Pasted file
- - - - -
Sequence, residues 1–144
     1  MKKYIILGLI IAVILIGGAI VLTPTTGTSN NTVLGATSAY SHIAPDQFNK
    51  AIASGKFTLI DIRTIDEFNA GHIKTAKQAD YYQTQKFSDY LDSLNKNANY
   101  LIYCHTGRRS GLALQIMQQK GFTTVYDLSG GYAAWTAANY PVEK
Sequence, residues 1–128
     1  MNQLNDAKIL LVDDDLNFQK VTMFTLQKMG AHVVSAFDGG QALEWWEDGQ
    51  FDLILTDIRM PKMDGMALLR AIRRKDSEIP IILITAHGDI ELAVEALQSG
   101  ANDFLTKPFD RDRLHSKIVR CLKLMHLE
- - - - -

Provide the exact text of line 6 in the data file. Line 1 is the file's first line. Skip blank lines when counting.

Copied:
     1  MNQLNDAKIL LVDDDLNFQK VTMFTLQKMG AHVVSAFDGG QALEWWEDGQ